Another sculpture that intrigues me is Inertia, a sculpture that seems to be a critical note to our modern-day consumerism. The definition of inertia is ‘the resistance of any physical object to any change in its state of motion’. And that is exactly what we see: a half-dressed man sitting on a filthy couch staring at his television screen with a hamburger on his lap. He seems to have been sitting there for years, lost, even more so as he sits there all by himself in an endless ocean as if nobody even notices him.

I gazed upon this sculpture for a long time and found myself getting into this existential mood where I wondered why we are on this planet in the first place. And that is exactly where Taylor wants us to be. Are we actively projecting a lifestyle that shows a deep love for our planet? And if not, why not? Do we realize the significant impact we have on our planet’s ecosystem and what the effect will be for future generations? If we do, where do we even start making some changes?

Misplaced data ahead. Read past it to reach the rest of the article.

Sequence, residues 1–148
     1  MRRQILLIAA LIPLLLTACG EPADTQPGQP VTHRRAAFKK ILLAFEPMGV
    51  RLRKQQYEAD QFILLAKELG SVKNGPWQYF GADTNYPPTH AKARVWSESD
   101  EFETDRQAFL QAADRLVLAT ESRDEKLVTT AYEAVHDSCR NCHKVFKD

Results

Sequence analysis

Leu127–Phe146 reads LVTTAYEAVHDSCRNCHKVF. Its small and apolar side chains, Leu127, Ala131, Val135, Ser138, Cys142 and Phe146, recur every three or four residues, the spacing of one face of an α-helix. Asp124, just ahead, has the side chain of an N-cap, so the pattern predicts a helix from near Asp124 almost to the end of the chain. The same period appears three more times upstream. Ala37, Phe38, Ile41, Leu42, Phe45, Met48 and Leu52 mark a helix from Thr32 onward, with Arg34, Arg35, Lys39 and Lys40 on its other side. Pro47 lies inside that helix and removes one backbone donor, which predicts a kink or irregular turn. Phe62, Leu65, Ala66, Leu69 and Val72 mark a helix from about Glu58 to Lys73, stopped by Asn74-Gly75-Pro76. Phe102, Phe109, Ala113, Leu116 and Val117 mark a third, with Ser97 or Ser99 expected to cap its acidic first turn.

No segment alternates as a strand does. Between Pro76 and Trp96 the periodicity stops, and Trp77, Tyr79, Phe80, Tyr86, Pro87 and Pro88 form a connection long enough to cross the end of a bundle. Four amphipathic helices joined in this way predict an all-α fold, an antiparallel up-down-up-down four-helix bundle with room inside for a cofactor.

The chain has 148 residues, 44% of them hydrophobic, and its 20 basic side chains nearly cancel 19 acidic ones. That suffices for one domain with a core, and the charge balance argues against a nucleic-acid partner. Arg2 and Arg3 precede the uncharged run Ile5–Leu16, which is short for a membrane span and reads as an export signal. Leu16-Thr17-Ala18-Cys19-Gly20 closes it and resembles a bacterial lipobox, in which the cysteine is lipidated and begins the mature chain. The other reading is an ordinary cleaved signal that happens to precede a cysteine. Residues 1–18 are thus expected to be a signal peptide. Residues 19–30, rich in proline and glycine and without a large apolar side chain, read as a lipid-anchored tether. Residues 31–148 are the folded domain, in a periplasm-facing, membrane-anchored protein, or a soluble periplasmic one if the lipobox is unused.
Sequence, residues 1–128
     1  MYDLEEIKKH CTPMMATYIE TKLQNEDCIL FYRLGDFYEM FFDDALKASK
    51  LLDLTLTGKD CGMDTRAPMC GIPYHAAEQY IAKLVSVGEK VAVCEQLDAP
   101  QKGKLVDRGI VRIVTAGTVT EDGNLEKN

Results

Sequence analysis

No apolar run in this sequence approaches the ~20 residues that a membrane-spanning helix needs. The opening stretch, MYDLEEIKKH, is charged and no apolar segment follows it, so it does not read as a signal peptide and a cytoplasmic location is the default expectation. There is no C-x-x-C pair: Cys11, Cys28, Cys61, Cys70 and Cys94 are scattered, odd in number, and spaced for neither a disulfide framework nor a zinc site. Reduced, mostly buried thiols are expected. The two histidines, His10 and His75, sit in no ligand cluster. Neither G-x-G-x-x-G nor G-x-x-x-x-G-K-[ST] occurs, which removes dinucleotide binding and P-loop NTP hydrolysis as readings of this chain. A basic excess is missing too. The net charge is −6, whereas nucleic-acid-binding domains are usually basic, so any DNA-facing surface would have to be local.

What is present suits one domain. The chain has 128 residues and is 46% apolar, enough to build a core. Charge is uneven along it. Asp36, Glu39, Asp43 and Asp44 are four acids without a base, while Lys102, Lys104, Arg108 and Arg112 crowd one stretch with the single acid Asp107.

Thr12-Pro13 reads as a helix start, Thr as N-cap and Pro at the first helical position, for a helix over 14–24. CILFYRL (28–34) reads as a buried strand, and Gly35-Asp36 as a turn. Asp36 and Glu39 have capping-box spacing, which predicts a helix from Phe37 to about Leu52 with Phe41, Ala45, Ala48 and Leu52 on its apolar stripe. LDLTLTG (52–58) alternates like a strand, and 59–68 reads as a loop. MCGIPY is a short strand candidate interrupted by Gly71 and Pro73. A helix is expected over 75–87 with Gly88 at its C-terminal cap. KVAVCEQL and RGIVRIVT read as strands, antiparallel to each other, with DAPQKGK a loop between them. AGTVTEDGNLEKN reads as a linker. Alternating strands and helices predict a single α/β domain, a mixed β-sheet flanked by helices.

Genesis 1:28 says, “Fill the earth and subdue it, and have dominion over the fish of the sea and over the birds of the heavens and over every living thing that moves on the earth.”

God calls us to have dominion over this earth. God himself invites us to play an active role in nurturing our planet. He gives us a great responsibility being co-heirs with Christ. What legacy are we leaving behind?


Vicissitudes with corals

Taylor for one wants to leave a legacy behind. Using a special salt-resistant cement his sculptures will be able to last for over 300 years. This means that they will be able to be enjoyed by future generations. More than that, he also wants his sculptures to be new habitat for coral and a place of refuge for fish and other animals. The results thus far are astonishing, as the reef is welcoming these sculptures with open arms.